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Dividend Tax Considerations

What You Need to Know

For Federal income tax purposes, depending on the type of stock, the dividends you receive could be classified as "qualified" or "non-qualified." Which classification applies could affect the income tax rates that apply to your dividends. 

Qualified Dividends
Qualified dividends must be paid by a corporation that is subject to U.S. corporate income taxes, or by a foreign corporation based in a country that is eligible for benefits under a U.S. tax treaty.
Most dividend stocks, such as those issued by utilities, banks or other financial institutions, or firms that make products or sell services, fall into the qualified category. For those, the your dividend tax rate depends on your ordinary income tax rate, but tops out at the maximum capital gains rate, which is 15% or 20%, depending on your tax status.

Income Tax Rate
Qualified Dividend
Income Tax Rate
10% 0%
15% 0%
25% 15%
28% 15%
33% 15%
35% 15%

If your stocks are held in a taxable account, you report qualified dividends on Line 9b of IRS Form 1040. If your dividends totaled more than $1,500, the IRS requires you to detail the payouts on Schedule B.  Click here for IRS dividend filing instructions. If you're stocks are held in a tax-sheltered account, taxes will not be an issue for qualified dividends.

Non-Qualified Dividends
Dividends paid by tax-exempt corporations or trusts such as Business Development Corporations (BDCs), Master Limited Partnerships (MLPs), Limited Liability Corporations (LLCs), or Real Estate Investment Trusts (REITs) are considered non-qualified, and may be taxed at ordinary rates. You report non-
qualified dividends on Line 9a of IRS Form 1040.

Business Development Corporations
BDC dividends are mostly taxed at ordinary income tax rates, However, after the year-end, a BDC may designate a portion of the prior year's dividends as "return of capital," which may be treated as a capital gain. Return of capital payouts reduce your cost basis and are not taxable until you sell your shares, when they are taxed at the appropriate capital gains rate.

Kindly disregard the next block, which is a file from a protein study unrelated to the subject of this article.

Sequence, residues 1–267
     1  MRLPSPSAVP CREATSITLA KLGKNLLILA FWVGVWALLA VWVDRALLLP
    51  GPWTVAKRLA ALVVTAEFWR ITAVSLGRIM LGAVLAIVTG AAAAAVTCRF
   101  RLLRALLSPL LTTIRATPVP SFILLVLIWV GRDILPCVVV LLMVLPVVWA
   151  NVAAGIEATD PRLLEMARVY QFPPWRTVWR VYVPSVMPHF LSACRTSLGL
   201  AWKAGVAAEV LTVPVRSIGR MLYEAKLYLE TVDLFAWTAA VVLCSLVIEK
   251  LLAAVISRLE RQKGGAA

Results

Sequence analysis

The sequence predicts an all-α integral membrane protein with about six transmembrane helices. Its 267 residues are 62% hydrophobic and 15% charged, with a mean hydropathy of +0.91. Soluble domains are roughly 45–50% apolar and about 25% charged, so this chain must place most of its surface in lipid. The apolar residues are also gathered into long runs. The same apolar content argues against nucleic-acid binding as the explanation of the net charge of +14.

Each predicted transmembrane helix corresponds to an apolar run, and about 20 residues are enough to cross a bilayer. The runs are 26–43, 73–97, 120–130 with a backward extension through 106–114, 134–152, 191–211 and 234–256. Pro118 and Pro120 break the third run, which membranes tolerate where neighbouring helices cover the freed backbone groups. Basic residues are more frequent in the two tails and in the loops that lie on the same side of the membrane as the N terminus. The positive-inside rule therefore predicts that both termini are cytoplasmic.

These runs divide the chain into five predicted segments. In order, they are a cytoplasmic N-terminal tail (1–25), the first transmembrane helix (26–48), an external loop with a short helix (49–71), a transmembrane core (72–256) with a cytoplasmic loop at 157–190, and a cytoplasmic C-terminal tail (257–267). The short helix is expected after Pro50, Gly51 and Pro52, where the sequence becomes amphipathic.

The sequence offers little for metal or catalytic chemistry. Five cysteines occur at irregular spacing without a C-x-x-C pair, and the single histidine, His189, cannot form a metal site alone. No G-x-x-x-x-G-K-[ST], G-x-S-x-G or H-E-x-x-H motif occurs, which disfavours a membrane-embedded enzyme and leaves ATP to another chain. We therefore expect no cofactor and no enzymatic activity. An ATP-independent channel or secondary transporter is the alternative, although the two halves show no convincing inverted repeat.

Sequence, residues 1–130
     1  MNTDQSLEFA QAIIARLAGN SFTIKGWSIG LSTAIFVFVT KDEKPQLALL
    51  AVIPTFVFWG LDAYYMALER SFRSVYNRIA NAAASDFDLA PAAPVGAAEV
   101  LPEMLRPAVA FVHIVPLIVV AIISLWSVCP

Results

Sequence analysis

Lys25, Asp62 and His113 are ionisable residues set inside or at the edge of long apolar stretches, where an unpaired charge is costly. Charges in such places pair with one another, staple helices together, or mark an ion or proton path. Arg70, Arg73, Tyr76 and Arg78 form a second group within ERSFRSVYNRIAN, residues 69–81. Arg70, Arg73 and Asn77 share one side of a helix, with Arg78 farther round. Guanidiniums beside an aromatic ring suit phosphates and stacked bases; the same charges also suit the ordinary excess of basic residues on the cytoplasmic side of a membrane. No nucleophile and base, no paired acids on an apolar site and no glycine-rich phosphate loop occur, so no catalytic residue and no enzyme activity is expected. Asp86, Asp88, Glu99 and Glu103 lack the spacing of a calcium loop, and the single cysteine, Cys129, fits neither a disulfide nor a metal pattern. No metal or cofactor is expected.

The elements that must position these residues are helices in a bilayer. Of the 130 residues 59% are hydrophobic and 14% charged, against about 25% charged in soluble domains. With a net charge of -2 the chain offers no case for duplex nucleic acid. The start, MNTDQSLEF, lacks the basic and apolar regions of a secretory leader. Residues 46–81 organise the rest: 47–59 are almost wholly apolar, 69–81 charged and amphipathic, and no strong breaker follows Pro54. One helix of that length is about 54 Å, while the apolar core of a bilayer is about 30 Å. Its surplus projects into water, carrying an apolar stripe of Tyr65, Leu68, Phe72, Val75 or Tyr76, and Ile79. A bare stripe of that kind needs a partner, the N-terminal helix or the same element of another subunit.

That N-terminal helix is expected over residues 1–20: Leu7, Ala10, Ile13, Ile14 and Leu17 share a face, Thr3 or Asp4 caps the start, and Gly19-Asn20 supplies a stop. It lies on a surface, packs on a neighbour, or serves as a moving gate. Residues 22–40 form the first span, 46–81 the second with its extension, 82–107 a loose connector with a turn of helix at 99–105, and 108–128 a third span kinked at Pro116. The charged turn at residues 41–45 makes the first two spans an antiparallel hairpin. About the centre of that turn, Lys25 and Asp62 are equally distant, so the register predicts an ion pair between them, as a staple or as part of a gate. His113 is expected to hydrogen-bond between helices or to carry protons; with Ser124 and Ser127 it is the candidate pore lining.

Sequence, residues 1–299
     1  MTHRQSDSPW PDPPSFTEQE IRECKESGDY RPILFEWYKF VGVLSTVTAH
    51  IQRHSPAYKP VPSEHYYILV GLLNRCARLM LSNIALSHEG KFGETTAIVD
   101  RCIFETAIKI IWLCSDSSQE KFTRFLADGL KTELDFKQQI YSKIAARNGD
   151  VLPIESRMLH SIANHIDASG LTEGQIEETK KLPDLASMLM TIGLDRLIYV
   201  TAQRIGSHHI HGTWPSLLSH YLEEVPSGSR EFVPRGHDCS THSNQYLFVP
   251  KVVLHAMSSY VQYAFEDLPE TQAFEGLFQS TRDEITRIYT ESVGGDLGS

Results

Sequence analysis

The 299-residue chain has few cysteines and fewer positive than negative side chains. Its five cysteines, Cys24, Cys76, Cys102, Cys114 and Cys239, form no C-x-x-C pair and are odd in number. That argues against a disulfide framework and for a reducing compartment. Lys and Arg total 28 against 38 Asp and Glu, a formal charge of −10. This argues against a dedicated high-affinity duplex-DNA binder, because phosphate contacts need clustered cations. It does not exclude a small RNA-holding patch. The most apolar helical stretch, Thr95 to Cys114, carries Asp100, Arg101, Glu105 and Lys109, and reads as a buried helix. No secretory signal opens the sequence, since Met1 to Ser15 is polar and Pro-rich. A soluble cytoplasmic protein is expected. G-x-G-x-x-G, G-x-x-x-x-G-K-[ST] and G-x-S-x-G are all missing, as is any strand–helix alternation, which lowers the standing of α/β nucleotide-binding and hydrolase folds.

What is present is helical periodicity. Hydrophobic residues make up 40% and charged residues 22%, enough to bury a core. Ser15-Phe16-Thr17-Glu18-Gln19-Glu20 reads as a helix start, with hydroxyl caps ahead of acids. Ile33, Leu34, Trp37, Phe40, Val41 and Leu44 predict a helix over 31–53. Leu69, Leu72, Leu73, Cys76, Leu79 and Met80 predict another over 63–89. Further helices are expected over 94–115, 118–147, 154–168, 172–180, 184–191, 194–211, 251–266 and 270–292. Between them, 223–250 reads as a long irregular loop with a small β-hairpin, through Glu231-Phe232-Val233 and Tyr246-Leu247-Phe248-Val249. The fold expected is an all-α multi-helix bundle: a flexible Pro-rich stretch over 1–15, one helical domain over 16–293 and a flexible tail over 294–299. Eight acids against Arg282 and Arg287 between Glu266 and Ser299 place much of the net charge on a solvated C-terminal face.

Real Estate Investment Trusts
REIT dividends are mostly taxed at ordinary income tax rates. However, after the year-end, a REIT may designate a portion of its prior year's payouts as "qualified dividends," which qualify for the maximum 15% rate.  On average, roughly 20% of annual payouts fall into this category. A REIT may also classify portions of its prior year payouts as return of capital.

Master Limited Partnerships & Limited Liability Corporations
For income tax purposes, MLPs and LLCs are treated the same. Both require filing IRS Schedule K1 forms, which are more complicated than Form 1040s. If they exceed certain limits, portions of dividends received from MLPs and LLCs could be considered "unrelated income," and be taxable. For details on MLP and LLC tax considerations, click here.

Foreign Corporation Dividend Withholding
Many countries withhold a percentage of dividends paid to residents of foreign countries for income taxes. However, you can apply for to the U.S. IRS for a refund (foreign tax credit) for at least a portion of the amount withheld. How much you'll get back depends on your individual tax status. Here's a list showing what major countries withhold from U.S. residents.

Country     Country  
Argentina 0%   Japan   20%
Australia  30%   Kuwait  15%
Austria  25%   Malaysia  0%
Belgium   25%   Mexico   0%
Bosnia  5%   Netherlands  15%
Brazil   0%   New Zealand  30%
Canada   *15%   Norway  25%
Chile 35%   Oman 0%
China A, B, & C Shares 10%   Peru  4%
China - Red Chips 0%   Philippines  30%
Colombia 0%   Poland  19%
Denmark   27%   Portugal   25%
Egypt 10%   Qatar 0%
Estonia 0%   Russia  15%
Finland   30%   Saudi Arabia  5%
France  30%   Singapore  0%
Germany  26%   South Korea   22%
Greece   10%   Spain   20%
Hong Kong    0%   Sweden  30%
Hungary   0%   Switzerland  35%
India  0%   Taiwan  20%
Indonesia  20%   U.K. Corps.  0%
Ireland  20%   U.K. REITS  20%
Israel   25%   United Arab Em.  0%
Italy   26%   Vietnam 0%

* Canada does not withhold taxes on Canadian common stocks held in U.S. IRAs.


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